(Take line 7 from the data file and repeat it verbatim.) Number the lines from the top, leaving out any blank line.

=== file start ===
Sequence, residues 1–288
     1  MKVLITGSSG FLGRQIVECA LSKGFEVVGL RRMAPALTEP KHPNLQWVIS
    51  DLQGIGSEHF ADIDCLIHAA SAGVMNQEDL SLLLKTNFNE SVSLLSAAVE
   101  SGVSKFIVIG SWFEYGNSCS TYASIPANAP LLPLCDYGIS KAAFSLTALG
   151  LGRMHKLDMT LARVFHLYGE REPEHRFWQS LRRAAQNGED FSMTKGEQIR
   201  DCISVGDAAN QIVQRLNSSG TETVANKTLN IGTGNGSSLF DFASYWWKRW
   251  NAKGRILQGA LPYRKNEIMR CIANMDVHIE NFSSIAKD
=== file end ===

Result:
   251  NAKGRILQGA LPYRKNEIMR CIANMDVHIE NFSSIAKD